Re: [kitten] WGLC on draft-ietf-kitten-aes-cts-hmac-sha2-06

Michael Jenkins <> Thu, 09 April 2015 22:22 UTC

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Date: Thu, 9 Apr 2015 18:21:55 -0400
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From: Michael Jenkins <>
To: Greg Hudson <>
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Subject: Re: [kitten] WGLC on draft-ietf-kitten-aes-cts-hmac-sha2-06
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Hi, sorry for the silence. I've been on travel and I wanted to make sure I
got one of the original authors to help respond. So, we should be able to
address all of Greg's concerns shortly. In the meantime, I can comment
generally if simplistically on two things:

Bit string lengths and bits-o'-security: When this draft was originally
introduced to kitten, it was stated that it was to support
draft-burgin-kerberos-suiteb <>gt;. So
there's an implicit presumption that one is working in one of two modes,
192-bit or 128-bit security, and consequently using either SHA-384 or
SHA-256, respectively.

In general, though, it's designed to make sense - you can't use SHA-256 to
get a 192 bit key because a SHA-256 output has at most 128 bits of security
no matter how you slice it. I am not an expert in attacks on hashes nor on
hash-function construction (boy howdy!), so I'm not going to argue about
whether this particular application is susceptible to this-or-that attack -
ultimately the answer is "because Suite B". I'm not saying that as a
hammer; I'm saying that's how the thing was pitched and accepted as a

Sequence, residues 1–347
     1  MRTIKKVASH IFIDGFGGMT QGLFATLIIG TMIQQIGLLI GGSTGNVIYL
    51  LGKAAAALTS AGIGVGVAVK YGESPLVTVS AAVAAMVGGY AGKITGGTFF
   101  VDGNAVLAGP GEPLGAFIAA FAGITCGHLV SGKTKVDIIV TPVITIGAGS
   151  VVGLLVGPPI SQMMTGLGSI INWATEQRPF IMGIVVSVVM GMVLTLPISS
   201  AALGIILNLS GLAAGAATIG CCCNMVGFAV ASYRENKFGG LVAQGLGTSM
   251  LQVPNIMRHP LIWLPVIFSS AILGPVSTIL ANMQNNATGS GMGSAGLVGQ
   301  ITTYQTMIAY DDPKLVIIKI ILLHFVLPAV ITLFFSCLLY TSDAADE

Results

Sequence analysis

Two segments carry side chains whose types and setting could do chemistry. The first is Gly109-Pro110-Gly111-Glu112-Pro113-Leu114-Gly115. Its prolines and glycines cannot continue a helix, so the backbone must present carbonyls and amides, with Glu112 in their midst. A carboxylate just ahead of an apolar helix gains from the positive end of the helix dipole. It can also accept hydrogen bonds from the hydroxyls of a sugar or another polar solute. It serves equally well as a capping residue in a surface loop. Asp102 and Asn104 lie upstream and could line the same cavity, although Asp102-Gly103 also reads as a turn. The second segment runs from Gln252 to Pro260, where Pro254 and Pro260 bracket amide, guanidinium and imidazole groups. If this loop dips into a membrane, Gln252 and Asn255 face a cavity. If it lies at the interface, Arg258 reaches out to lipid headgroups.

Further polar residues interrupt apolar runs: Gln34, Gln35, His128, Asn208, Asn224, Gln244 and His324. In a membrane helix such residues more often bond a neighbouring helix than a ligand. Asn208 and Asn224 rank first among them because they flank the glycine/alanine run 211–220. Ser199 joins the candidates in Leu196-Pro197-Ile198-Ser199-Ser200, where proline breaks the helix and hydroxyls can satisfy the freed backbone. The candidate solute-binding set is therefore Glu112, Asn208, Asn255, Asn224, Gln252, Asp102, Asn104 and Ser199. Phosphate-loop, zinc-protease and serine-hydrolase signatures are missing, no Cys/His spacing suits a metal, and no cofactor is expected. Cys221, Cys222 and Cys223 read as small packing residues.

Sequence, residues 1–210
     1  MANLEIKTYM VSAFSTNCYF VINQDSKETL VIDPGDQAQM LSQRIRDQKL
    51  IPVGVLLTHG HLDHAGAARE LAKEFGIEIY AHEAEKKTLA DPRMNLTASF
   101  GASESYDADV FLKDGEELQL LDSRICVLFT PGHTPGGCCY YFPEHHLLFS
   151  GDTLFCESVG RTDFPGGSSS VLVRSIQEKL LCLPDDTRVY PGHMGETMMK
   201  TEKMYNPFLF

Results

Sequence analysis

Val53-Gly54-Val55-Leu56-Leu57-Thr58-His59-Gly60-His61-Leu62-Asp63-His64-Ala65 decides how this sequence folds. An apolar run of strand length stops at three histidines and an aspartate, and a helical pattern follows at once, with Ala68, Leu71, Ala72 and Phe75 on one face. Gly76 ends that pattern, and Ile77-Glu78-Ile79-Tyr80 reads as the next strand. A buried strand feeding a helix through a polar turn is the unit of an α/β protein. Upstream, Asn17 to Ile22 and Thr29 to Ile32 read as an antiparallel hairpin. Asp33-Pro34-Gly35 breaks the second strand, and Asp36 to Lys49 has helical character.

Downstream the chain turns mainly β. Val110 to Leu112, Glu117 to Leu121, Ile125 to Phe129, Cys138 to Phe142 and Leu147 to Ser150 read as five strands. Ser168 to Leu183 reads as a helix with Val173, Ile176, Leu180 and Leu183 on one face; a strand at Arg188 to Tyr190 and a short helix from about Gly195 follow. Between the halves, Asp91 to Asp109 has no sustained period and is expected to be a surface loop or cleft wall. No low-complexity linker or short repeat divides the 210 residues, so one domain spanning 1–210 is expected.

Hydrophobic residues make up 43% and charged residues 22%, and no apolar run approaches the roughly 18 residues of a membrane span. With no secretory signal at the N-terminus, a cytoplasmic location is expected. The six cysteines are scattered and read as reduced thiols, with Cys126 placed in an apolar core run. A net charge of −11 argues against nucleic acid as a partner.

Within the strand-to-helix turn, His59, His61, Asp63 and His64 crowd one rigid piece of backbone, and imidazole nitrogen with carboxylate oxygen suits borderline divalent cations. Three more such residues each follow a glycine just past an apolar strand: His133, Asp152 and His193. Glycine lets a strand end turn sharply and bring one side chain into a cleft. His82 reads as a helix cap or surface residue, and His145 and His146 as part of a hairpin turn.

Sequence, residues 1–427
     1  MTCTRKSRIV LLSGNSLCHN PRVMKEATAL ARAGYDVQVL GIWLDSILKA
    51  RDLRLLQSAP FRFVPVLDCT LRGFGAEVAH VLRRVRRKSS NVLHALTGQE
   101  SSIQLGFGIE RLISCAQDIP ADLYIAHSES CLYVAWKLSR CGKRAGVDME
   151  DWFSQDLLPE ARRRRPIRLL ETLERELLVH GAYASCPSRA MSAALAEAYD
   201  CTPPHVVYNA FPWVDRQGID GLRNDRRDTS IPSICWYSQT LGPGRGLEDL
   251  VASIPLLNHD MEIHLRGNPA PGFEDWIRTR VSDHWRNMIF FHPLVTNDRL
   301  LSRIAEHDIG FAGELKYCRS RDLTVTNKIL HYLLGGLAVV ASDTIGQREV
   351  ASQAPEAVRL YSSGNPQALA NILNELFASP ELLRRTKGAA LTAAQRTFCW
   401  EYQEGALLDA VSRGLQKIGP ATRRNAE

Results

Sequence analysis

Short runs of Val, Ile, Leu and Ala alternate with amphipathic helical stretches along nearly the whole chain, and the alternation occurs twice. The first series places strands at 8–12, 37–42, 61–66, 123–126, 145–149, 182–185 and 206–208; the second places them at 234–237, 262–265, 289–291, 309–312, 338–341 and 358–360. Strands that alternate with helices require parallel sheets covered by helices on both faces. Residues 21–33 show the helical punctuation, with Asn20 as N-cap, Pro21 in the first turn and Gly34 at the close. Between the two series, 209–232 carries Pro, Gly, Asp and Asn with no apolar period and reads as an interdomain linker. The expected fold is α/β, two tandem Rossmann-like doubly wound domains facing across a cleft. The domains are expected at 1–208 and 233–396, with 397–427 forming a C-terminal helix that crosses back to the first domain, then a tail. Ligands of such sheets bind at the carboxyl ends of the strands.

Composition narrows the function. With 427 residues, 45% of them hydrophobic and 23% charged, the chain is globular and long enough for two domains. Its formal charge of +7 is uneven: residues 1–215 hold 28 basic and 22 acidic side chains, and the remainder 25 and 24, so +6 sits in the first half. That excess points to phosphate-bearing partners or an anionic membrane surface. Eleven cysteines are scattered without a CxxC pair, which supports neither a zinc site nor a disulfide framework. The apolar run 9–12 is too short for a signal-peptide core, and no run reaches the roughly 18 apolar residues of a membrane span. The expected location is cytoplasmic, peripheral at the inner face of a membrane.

work-item back at version -02.

Test vectors: I can nearly guarantee (see inheritance disclaimer above)
that the Ke for the encryption test vector sets beyond the first 128-bit
one came straight out of /dev/random, no doubt based on the fact that it
was easier to do so than to figure out how to get access to Kelley's
abandoned workfiles after he left for greener pastures (go him!). I can
regenerate them taking a more soup-to-nuts approach.

Mike J

On Wed, Apr 8, 2015 at 6:48 PM, Greg Hudson <> wrote:

> On 04/08/2015 05:26 PM, Benjamin Kaduk wrote:
> > I did not go on a full trawl through the archives, but
> >
> implies
> > that NIST is generating a document covering "what you get from what you
> > used" indicating that SHA-256 only gives you 128 bits, under some set of
> > assumptions.
> I do not understand what assumptions would yield a security level of 128
> bits from SHA-256 truncated to 192 bits, and a security level of 192
> bits from SHA-384 truncated to 192 bits.  If there is a concern about
> birthday attacks on the integrity tag, then we can't get away with
> truncating at all; we would need to send a 256-bit tag for the 128-bit
> security level, and a 384-bit tag for the 192-bit security level.
> I wonder if NIST finished its document in the interim.
> >> * Why use a 192-bit HMAC key for Ki and Kc but not for Kp?
> This was probably a dumb question, and really devolves into "why use a
> 256-bit PRF output length?"  For the 192-bit security level, Ki and Kc
> are used to generate a 192-bit tag, but Kp is used to generate a 256-bit
> PRF.
> [Regarding truncation of the PRF output:]
> > I think there is some desire to always truncate SHA-2 results in half,
> > though, for the reasons mentioned above.
> I would like to better understand these reasons.
> > So random-to-key() only applies for generating base keys, and the
> > derivation of Kc/Ki/Ke/Kp should just be k-truncate(...)?
> Yes.  RFC 3961 defines random-to-key() as producing a protocol key.  It
> is probably a conceptual error that RFC 3961 section 5.1 uses